The part she plays is to talk to women, regardless of their faith, and listen carefully to their fears. “I practise really careful listening to that person, and what these thoughts and experiences mean for them. For example, a woman who thinks she is Mary: what does it mean for her to think that, and what impact does her thinking that have on her child? She must, for example, feel great fear and anxiety because she is caring for a child who is so, so precious.”


DEB VICKERS has been through two episodes of PP after both her first and second child. She is a Christian, but says that, although she had a “heightened” sense of her faith during both episodes of the illness, she did not, as far as she is aware, experience religious hallucinations.

But because of the link between religious hallucinations and the illness, she found that doctors and nurses treated her faith with suspicion.

“My Christian faith was a double-edged sword. Because religious grandeur can be part of psychosis, I don’t think I had hallucinations, or believed I was something else; but my spirituality was definitely heightened. I found it difficult in the public-health system when I was asking for a chaplain, or I wanted a Bible given to every patient at Christmas. I think it was a heightened version of my normal self, but clinicians saw it as a warning sign.”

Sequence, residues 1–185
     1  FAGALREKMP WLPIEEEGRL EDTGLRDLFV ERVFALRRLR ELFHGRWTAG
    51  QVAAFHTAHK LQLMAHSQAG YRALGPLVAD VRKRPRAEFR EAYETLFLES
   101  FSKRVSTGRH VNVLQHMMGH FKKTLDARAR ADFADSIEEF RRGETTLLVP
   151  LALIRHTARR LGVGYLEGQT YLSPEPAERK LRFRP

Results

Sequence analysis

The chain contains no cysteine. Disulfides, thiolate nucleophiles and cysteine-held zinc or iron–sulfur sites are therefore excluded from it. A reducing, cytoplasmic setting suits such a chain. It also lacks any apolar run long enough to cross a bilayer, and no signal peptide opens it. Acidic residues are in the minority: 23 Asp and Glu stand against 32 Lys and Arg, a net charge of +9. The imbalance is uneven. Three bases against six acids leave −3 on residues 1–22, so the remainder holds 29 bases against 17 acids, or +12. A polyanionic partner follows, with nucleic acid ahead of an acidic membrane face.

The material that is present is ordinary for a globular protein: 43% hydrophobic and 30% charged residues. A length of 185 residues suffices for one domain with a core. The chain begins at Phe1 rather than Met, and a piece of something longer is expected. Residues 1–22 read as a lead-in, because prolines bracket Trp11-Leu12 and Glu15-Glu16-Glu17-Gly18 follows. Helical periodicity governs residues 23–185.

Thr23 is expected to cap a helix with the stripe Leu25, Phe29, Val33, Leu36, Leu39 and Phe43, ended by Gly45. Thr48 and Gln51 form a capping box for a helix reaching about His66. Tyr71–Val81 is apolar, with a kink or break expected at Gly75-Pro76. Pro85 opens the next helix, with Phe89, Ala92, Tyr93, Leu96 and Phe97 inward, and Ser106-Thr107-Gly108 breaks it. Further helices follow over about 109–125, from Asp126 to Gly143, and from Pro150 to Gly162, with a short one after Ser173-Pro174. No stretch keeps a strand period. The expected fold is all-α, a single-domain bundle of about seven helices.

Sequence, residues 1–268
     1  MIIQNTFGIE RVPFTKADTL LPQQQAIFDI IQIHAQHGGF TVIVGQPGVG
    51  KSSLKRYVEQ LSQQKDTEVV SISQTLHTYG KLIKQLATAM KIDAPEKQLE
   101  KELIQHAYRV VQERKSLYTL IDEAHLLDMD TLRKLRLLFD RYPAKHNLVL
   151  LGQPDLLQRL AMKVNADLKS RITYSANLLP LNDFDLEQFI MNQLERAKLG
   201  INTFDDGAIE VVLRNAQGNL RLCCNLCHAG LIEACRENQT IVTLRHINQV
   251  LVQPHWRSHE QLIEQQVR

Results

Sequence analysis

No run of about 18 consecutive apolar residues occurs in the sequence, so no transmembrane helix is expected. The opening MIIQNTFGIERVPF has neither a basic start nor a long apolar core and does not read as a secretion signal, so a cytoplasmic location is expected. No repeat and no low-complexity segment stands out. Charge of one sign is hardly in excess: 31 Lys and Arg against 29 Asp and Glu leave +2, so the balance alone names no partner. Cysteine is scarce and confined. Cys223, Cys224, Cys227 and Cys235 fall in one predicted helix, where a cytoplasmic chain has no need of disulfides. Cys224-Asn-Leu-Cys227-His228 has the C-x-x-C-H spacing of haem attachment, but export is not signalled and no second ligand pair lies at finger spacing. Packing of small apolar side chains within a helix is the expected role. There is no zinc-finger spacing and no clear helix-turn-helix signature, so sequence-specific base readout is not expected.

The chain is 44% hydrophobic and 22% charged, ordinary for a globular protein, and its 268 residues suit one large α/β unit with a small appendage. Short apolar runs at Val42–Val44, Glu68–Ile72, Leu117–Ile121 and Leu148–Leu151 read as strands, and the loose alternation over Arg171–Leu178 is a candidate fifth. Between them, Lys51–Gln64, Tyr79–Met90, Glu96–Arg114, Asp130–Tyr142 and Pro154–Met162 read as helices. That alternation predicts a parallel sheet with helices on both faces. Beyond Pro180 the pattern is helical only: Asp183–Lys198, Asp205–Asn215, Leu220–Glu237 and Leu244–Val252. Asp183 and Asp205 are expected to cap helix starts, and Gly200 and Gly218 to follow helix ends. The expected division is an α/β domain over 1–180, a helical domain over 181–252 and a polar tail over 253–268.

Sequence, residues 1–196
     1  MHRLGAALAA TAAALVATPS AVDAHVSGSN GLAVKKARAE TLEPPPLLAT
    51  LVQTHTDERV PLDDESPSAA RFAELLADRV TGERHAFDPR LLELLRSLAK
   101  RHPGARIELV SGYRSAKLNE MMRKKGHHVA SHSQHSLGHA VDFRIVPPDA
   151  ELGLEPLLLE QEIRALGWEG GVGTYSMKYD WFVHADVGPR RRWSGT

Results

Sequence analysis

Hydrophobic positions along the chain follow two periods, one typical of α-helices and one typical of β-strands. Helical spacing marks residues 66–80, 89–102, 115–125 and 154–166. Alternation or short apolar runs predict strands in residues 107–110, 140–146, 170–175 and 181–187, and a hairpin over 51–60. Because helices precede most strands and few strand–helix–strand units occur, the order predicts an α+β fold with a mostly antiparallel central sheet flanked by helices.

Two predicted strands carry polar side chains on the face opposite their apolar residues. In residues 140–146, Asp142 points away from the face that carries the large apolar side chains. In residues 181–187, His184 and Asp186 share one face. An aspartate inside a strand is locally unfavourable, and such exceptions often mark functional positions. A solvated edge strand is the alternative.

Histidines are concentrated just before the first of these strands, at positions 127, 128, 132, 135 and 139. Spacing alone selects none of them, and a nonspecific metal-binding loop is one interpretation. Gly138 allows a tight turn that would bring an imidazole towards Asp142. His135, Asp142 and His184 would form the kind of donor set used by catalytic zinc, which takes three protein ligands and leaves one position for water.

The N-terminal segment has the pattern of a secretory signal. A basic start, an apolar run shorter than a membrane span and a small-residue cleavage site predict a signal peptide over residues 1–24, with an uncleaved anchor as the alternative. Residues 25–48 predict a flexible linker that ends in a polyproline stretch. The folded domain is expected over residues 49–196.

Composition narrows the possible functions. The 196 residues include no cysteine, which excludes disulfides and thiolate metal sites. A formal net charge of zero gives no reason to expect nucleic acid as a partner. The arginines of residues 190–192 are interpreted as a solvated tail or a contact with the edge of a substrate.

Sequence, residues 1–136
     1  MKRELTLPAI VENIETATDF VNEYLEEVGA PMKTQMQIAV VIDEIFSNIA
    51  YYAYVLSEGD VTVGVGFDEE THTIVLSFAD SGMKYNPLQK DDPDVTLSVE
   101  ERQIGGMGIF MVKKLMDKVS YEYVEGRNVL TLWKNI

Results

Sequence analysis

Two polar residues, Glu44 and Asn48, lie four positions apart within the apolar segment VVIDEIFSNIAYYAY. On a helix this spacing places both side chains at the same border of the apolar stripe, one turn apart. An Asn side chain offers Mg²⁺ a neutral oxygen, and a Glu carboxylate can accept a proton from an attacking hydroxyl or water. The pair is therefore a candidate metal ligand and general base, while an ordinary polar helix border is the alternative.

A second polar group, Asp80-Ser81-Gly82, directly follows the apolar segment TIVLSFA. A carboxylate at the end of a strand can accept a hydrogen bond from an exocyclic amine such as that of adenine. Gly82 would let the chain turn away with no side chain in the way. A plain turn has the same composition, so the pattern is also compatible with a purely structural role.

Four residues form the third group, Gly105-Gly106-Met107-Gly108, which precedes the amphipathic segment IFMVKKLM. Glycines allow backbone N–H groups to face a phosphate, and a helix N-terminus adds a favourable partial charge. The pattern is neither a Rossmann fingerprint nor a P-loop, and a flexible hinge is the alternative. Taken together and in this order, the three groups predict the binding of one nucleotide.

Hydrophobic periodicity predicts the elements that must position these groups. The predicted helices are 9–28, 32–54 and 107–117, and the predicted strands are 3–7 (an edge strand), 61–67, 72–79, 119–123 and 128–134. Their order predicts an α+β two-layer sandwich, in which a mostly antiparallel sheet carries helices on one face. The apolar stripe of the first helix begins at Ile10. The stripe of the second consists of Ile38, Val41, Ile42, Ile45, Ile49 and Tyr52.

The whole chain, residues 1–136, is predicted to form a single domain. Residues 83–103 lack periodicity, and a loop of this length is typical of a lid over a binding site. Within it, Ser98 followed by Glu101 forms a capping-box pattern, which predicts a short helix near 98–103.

Ms Lawrence says that she has also worked with women who are worried about the response of doctors to their faith. “On my first day on a ward — not here in Melbury — I asked someone if they would like prayer. They said yes, but not to tell anyone, as they were concerned doctors would think it was part of their condition. There is definitely a worry for some women about how religious faith might be perceived.”